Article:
ANKARA, Turkey (AP) — A fuel tanker exploded Tuesday in an attack on a northern Syrian town controlled by Turkish-backed opposition fighters, killing at least 40 civilians, Turkey’s Defense Ministry said.
The Defense Ministry tweeted that the attack took place in a crowded street in Afrin and the dead included 11 children. The ministry said 47 people were wounded.
Turkey’s state news agency cited unnamed security officials who said the attack was believed to have been carried out by Syrian Kurdish fighters linked to Kurdish militants fighting Turkey.
Turkey and allied Syrian fighters took control of Afrin in 2018 in a military operation that expelled local Kurdish fighters and displaced thousands of Kurdish residents. Ankara considers the Kurdish fighters who were in control of Afrin to be terrorists. Since then, there have been a series of attacks on Turkish targets in the area.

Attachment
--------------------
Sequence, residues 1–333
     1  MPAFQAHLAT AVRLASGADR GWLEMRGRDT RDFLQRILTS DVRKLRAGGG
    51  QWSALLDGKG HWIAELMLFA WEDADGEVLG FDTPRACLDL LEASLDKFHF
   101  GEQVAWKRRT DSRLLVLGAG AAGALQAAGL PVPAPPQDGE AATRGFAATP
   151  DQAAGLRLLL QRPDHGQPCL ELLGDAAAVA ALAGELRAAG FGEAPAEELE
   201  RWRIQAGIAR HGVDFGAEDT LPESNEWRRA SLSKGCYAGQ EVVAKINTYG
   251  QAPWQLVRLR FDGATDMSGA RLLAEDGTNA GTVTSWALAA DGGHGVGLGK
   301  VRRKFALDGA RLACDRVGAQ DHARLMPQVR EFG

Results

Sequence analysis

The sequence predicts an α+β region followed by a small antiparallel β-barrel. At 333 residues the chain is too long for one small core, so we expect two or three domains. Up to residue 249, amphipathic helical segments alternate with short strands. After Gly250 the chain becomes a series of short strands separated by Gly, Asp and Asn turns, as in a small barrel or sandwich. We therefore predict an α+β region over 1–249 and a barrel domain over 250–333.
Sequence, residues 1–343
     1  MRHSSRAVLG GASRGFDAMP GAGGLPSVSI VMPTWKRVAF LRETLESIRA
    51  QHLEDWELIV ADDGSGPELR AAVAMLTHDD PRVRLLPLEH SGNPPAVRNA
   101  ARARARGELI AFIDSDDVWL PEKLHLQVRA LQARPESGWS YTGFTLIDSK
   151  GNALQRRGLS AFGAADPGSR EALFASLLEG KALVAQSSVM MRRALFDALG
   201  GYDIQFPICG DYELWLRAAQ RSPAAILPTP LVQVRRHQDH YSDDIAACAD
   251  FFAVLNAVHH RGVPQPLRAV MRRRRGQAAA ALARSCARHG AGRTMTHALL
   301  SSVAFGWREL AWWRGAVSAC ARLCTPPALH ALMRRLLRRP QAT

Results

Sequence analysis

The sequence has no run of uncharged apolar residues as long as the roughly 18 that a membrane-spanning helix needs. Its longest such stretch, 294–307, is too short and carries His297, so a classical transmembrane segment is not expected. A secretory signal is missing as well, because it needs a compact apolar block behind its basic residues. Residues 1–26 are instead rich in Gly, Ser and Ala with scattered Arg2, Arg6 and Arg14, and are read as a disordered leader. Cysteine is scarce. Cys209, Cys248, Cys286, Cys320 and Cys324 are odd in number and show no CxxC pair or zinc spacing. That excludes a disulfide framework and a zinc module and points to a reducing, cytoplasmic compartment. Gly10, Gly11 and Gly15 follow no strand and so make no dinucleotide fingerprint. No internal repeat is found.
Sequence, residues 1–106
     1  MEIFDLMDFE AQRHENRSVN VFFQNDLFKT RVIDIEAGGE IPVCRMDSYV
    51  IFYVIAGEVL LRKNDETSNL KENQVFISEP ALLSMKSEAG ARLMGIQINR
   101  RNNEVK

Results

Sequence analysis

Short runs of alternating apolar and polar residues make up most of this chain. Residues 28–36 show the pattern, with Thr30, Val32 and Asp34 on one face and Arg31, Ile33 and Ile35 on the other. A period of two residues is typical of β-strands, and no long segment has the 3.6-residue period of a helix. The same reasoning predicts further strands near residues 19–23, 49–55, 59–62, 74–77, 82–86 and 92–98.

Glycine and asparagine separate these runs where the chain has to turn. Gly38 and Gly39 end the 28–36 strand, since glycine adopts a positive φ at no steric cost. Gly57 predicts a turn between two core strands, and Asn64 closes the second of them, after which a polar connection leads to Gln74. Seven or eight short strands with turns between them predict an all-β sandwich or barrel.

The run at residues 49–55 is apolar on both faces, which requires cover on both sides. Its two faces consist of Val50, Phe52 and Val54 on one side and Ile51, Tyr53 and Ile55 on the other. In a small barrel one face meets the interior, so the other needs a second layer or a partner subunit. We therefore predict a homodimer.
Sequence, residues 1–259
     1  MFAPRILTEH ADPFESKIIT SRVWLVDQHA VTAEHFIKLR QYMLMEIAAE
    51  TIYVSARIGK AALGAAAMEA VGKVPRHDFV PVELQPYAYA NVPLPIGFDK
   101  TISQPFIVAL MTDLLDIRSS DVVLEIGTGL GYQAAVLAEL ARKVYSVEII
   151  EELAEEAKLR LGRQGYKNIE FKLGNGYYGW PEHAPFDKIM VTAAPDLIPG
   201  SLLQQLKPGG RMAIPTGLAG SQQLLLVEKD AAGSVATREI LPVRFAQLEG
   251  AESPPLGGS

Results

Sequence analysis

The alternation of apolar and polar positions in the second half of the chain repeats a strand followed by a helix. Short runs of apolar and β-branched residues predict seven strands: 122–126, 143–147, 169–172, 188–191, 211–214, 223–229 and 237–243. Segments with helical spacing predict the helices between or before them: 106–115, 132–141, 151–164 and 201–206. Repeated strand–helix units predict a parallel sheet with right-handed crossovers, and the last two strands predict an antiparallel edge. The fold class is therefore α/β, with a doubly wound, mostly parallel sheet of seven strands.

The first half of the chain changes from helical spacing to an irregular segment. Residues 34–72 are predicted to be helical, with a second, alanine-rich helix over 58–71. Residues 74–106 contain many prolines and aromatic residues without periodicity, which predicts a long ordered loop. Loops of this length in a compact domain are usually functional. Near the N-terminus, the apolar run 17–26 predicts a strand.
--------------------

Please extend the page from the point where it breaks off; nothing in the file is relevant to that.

The Britain-based Syrian Observatory for Human Rights, an opposition war monitor, said the blast occurred in a market and killed 36, including women and children, and wounded about 40 others.
Syrian activists said the blast burned several people to death, including some who were stuck inside their vehicles.
In a hospital yard, 10 charred bodies were covered with blankets next to ambulances. In an ambulance nearby, two charred bodies were inside, according to videos and photos circulated by activists.
The blast set several cars and shops on fire and tanker trucks were used to fight the blaze.
Similar blasts in areas controlled by Turkey-backed opposition fighters have killed scores of people in recent months, attacks that Ankara blames on Kurdish fighters.
Turkey supports the Syrian opposition in the war against President Bashar Assad but has joined with Russia to secure and monitor local cease-fires.
Activist collectives in northern Syria urged people in the Afrin area to head to hospitals and donate blood.
The Observatory and other activists said the death toll could rise because some of the wounded were in critical condition.
Associated Press writer Bassem Mroue contributed to this report from Beirut.